Jamie Bamber is making good progress completing the leading-man checklist.
Hotshot pilot? Check. (Apollo on Battlestar Galactica)
Hotshot cop? Check. (Matt Devlin on Law & Order: UK)
Hotshot doctor? Well, that’s where Tyler Wilson on Monday Mornings comes in.
The chisel-jawed Brit plays the brilliant but tormented neurosurgeon at the head of David E. Kelley’s new medical drama — premiering at 10pm Feb. 4 on TNT — which is based on a novel by real-life neurosurgeon (and CNN staple) Dr. Sanjay Gupta. It’s a step up in prominence from his parts on other ensemble shows, this time shouldering much of the drama, and actually serving as the de facto main character.
“I did feel a bit of pressure,” says Bamber in his honeyed voice that invokes nothing but calm, articulate assurance. “But with a David Kelley script, you do kind of want to be front and center every week and in every scene because the dialogue is so fantastic and the situations he conjures are just so exciting to play.”
Bamber brings with him a rabid fan base from his BSG days, and he says he’s continually surprised and awed by their loyalty.
“I thought I would be dead to them when I did Law & Order: UK,” he says, “but I’m blown over by how many people have turned into Law & Order fans, or whatever I do next. I’ve gone from sci-fi to cop show and now here I am in a medical drama, so [this is] another test for them to see if they can stomach the medical drama thing and the stigma that comes with that.”
Yes, Bamber can detect the collective yawns from many at the mention of yet another show about good-looking doctors who are at the top of their field but have hopelessly messy personal lives. And it would be easy to peg him in the McDreamy role here, as Wilson is a gifted professional so dedicated to his work that he has absolutely no personal life outside the hospital. His closest relationship is with the married Dr. Tina Ridgeway (Jennifer Finnigan), and wouldn’t you know it, she’s having trouble at home, too.
But this is a David E. Kelley show we’re talking about here. The TV titan has been behind some of the medium’s all-time celebrated and zeitgeist-capturing shows, including L.A. Law, Picket Fences, Ally McBeal, The Practice and Boston Legal. With Monday Mornings, the weekly meetings that give the series its title are a perfect vehicle for Kelley to bring his signature blend of wit and humor to the sometimes grim proceedings. As Bamber puts it, “He’s able to find humor in darkness and darkness in the humor.” The medical staff (which also includes Ving Rhames, Keong Sim, Sarayu Rao and Emily Swallow) gathers in an amphitheater-like room to go over recent procedures. They wait with bated breath as their boss, Dr. Harding Hooten (Alfred Molina), dissects their every move and takes them to task for their shortcomings, which often have life-and-death consequences.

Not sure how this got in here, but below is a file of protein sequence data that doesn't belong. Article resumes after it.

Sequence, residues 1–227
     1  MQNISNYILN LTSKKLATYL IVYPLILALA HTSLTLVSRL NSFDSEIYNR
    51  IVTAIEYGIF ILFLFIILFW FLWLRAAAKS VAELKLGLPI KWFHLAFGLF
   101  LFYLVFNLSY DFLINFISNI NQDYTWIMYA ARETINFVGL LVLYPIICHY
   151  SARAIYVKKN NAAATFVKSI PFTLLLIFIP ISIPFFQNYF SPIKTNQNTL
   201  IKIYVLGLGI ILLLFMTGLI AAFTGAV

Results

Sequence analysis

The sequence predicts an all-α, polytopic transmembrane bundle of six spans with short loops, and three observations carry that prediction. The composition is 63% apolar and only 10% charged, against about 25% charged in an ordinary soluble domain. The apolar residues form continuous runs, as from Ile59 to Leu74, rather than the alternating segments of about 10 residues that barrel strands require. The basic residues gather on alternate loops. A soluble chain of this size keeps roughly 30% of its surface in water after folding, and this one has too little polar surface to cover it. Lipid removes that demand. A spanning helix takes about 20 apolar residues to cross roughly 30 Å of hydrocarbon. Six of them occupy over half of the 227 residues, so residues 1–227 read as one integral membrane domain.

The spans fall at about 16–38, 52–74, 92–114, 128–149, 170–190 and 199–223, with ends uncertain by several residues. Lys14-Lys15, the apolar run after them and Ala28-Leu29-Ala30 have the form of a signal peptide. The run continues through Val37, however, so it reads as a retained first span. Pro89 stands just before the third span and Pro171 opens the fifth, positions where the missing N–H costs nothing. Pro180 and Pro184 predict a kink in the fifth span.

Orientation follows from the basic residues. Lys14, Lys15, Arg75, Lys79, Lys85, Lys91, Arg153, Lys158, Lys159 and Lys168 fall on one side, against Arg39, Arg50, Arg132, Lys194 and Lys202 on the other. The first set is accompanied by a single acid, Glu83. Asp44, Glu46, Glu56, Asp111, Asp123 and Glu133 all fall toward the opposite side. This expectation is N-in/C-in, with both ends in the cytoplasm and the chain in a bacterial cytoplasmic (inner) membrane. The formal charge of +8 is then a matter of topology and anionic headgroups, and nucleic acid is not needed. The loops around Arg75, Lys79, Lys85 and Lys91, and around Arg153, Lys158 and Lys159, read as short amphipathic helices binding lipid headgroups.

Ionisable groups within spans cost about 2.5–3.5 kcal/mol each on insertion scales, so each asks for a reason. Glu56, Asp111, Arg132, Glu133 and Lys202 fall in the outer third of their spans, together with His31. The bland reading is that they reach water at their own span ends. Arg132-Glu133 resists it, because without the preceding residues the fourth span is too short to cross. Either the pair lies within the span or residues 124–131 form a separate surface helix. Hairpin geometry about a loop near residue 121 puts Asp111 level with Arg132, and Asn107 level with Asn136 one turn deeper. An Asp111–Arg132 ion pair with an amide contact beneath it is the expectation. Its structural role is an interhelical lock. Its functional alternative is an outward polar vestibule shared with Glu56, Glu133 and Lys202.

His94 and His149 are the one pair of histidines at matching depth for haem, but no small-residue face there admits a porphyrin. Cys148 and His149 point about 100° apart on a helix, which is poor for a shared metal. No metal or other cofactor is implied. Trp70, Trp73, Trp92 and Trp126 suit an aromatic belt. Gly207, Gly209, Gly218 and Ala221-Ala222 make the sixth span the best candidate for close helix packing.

It’s a “pseudo kangaroo court” with Molina acting like Sherlock Holmes in a lab coat.
“The audience is involved in not a whodunit but a ‘what went wrong’ guessing game,” Bamber says. “[Molina’s] on the top of his game with all his dialogue and it’s funny at moments and moving at others. If you’re not the one on the stand that week, you get to sit in the audience and watch a little one-act performance by whoever it is. It’s a wonderful little set piece in the show that I honestly think will set it apart from other medical dramas.”
Offscreen, Bamber’s life is far less dramatic — and much more fulfilling — than his character’s. He lives in Los Angeles, where Monday Mornings shoots, with his wife, actress Kerry Norton, and their three daughters. Being available to them is what’s most important to him these days. He says he’s never had much of a master plan for his career, originally thinking he would make a living doing theater. But then TV came calling. And calling.
“If I’m 100 percent honest, I think I’m like a seed blowing in the wind, and the wind decides where I settle and what grows,” he says. “I’ve been blessed to be born into this very creative era in television, particularly in this country where the cable networks have just blossomed … where they’re able to tell more interesting, more quirky, more rich, more nuanced stories than movies are doing right now.”
Not that movies aren’t on his radar, and should Monday Mornings take off as Bamber hopes it does, if his “I’d bite your arm off if anybody offered multiple seasons of this” comment is any indication, he could very well be blazing a trail to multiplexes sooner rather than later. But it will have to be on his terms, and it won’t simply be for the thrill of it.
“When you’re a young, single actor, traveling the world is great and finding yourself in different cities is fun,” he says. “But right now, I’ve got kids in school and I want to be there at their games, I want to be there at recitals and I want to help them with their homework. The work is secondary to that, and to these important years. For me, this is an ultimate blessing.”
Photo: © Turner Entertainment Networks, Inc. A Time Warner Company. Credit: Martin Schoeller